How to update your resume for 2017

Most people in Canada change jobs roughly every two years. That means it’s likely been at least that long since you’ve touched up your resume. If the time has come to make a career move, you might think you just need to add your most recent job title to the top of your resume and you’re ready to apply.

The fact is, resumes need regular maintenance. If you haven’t updated yours in a while, then out-of-date information can be hurting your chances of getting hired. Here are a few of the key areas that need some polish before you apply.

Update your intro paragraph

Have your career goals changed? Have you advanced in your career since the last time you used your resume? The summary paragraph at the top is one of the first things employers will read. Make sure that it highlights your essential qualifications for the job your seeking now.

Pro tip: Update this paragraph with your most relevant credentials and accomplishments for each and every job that you apply for. Think of it as a two to three sentence cover letter.

Add your latest accomplishments

Employers are always looking for those exceptional candidates who accomplish results above and beyond what is normally expected in their job descriptions.

Exceeded quota by XX%, Increased efficiency by XX, Saved XX$ by …

Use numbers whenever you can to demonstrate your achievements is a measurable way. The message to employers is always “Here’s what I have done for recent employers – therefore here’s what I can do for you…”

Update your skills

You should always be learning on the job, expanding your skills. Keep your resume current by listing the latest skills, tools, and technologies you’ve used and learned.

By the same token, you may want to remove any older skills that either make you look outdated or more junior than you are. For example, while people still use Microsoft Office and word processing, listing them on your resume for any job involving technology above an entry-level position, just looks like filler. It’s assumed that if you are working in the digital space you know how to create, share, and organize documents, spreadsheets, and files. List the most advanced skills that are relevant to the job you want.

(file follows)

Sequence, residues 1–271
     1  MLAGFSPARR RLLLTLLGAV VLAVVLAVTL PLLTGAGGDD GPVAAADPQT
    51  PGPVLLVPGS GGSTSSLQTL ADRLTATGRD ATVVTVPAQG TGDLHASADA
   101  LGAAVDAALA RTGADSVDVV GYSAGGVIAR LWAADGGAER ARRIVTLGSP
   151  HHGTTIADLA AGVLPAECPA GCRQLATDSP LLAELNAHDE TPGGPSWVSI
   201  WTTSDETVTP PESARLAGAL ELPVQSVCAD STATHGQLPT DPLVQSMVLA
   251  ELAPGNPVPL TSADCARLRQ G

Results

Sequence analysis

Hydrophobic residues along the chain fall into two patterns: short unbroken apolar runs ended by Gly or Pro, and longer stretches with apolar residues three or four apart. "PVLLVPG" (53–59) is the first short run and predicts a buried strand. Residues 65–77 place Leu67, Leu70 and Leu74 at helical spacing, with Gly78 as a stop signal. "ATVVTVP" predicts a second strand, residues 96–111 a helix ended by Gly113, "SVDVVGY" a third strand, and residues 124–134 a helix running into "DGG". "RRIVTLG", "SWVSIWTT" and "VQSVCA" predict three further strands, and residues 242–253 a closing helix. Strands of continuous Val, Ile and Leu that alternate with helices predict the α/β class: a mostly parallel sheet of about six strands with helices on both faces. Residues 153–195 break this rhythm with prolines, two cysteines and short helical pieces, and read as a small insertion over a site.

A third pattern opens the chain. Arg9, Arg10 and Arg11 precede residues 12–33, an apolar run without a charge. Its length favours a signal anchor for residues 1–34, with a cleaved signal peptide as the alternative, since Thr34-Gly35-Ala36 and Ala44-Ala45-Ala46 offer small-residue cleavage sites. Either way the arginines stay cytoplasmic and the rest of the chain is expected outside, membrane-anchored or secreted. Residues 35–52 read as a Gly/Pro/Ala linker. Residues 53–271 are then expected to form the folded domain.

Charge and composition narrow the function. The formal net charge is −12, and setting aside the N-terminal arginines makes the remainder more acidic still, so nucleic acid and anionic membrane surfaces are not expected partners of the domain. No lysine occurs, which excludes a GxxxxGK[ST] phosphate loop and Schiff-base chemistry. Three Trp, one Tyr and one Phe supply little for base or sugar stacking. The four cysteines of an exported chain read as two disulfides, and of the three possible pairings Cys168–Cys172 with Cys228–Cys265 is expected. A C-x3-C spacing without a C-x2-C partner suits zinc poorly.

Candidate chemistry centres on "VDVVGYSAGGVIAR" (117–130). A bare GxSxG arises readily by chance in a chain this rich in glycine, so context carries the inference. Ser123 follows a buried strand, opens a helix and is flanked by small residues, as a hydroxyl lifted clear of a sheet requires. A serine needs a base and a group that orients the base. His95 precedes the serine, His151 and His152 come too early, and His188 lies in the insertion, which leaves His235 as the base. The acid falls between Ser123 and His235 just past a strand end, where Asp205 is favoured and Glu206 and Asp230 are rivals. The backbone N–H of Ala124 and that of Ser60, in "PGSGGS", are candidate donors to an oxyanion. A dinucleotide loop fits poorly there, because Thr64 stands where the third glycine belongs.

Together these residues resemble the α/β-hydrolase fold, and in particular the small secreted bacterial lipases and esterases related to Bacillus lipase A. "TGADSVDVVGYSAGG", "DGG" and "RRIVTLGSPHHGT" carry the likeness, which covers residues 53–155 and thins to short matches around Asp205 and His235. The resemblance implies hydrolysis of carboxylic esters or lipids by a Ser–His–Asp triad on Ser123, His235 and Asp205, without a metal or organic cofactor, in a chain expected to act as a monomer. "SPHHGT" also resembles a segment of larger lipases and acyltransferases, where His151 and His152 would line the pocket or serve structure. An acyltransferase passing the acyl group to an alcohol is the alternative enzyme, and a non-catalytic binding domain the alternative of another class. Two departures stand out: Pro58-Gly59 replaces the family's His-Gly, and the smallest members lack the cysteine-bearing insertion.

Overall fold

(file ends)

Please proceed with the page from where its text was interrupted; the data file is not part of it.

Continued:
Similarly, ‘telephone skills’, ‘data entry’ and ‘typing’ aren’t considered to be skills anymore. In 2017 everyone should be able to use a phone, input data, and type.

Cut out the oldest stuff

Everything in your resume should help sell your candidacy for the jobs you’re targeting. Information that doesn’t contribute to that goal just takes up space and waters down the good stuff.

So, if you worked at jobs early in your career that aren’t related to your current ambitions, cut them from your resume.

As a general rule, anything from more than ten years ago isn’t relevant to employers. Similarly, once you have a college or university degree, or more than a few years of working experience, you shouldn’t have your high school on your resume anymore.

It may seem like the more stuff you can pack into your resume, the better, but this isn’t the case. Your resume should be as concise as possible, listing your best credentials, skills, and accomplishments specific to the job you want.

Everything other than that does more harm than good.

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